Over 100 educators arrived in the end - administrators, teachers, university instructors, student teachers - to think together as productive partners in a network of educators - the Network of Performance Based Schools. Our task? To achieve our collective "dream with a deadline": an equitable future with quality outcomes for every learner by 2020. In each network school, teacher design an inquiry question to discover ways to improve learning. In our region, we meet formally three times each year to share ideas, ask question, and learn together. You can see some of our work in progress at our Mid-Island Wiki.

Here are educators deciding that it's "too late to wait," as Peter Senge says, and are working in teams in their schools or, if in their school there is no one to work with, with educators in other schools, and if there is no one to work with in their district, with other educators in our province. They are refusing to work in isolation. They are pushing themselves to think about research-based practice, designing focused inquiry questions to examine their own teaching and learning, and implementing formative assessment daily.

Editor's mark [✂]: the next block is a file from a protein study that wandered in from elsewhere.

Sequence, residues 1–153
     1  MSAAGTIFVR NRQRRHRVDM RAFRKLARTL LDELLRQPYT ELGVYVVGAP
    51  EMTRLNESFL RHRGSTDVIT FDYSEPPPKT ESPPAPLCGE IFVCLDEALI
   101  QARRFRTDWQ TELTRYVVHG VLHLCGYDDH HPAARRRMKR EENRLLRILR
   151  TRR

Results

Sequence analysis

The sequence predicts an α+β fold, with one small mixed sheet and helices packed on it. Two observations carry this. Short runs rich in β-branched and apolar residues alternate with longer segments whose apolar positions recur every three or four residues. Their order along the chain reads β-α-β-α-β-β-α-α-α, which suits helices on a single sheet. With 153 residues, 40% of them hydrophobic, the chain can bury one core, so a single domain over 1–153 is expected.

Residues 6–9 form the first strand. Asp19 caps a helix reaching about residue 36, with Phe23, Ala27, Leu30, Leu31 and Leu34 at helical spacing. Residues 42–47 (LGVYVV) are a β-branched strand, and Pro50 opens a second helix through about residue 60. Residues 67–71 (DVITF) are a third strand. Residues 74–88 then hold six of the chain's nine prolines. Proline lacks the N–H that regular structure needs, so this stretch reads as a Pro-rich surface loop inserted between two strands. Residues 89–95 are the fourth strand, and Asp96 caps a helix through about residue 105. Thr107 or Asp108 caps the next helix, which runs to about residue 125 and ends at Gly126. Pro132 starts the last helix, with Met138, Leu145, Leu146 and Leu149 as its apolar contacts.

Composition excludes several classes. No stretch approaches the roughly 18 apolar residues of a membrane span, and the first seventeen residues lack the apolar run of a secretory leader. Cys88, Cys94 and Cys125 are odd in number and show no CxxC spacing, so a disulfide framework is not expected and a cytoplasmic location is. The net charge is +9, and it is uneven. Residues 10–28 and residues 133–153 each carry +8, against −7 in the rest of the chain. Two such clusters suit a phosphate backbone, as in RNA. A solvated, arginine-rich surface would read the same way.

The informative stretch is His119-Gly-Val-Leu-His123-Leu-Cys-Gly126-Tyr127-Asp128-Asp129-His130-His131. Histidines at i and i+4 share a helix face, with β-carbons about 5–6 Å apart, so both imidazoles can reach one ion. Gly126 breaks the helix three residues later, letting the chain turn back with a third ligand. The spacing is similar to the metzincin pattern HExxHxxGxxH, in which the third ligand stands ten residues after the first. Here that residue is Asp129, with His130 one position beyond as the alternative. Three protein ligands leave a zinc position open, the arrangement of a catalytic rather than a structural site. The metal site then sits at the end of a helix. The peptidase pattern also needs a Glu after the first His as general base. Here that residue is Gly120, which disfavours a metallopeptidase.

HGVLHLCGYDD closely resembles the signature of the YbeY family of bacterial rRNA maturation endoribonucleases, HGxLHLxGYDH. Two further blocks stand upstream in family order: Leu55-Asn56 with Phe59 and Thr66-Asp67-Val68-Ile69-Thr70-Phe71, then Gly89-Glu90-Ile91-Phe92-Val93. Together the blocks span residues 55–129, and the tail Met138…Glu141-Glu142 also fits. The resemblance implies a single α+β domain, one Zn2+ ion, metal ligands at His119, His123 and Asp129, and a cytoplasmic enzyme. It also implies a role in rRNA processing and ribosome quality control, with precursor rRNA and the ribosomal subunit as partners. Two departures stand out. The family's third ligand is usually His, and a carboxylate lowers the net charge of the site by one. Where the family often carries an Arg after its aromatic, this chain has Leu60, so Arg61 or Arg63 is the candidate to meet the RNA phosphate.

Is it going smoothly? No. It's messy, hard work that forces us to think hard, work hard, redesign the way we do things in schools, test our own preconceptions - and meet together at the end of a long day. But here is gold medal work that makes you want to say, "I believe."

Wednesday, February 3, 2010

Blowing a horn loudly for teachers

Shelley, my first practicum teacher told me, if you don't blow your own horn, someone will use it as a spittoon. For years I thought that my difficulty with self-praise was in part due to the way I was raised ("bragging" was the ultimate sin), in part because I am Canadian (we are defined by our unassuming nature) and in part because I am a woman (as Clay Shirky argues, "not enough women have what it takes to behave like arrogant self-aggrandizing jerks"). However, lately I've been thinking that it is also because I am a teacher. Those of us who are drawn to teaching are more modest, less self-aggrandizing. Teachers are "behind-the-scenes" people, coaching, prompting, encouraging, pushing, carrying, cheering. The focus is not on the teacher, but on the student.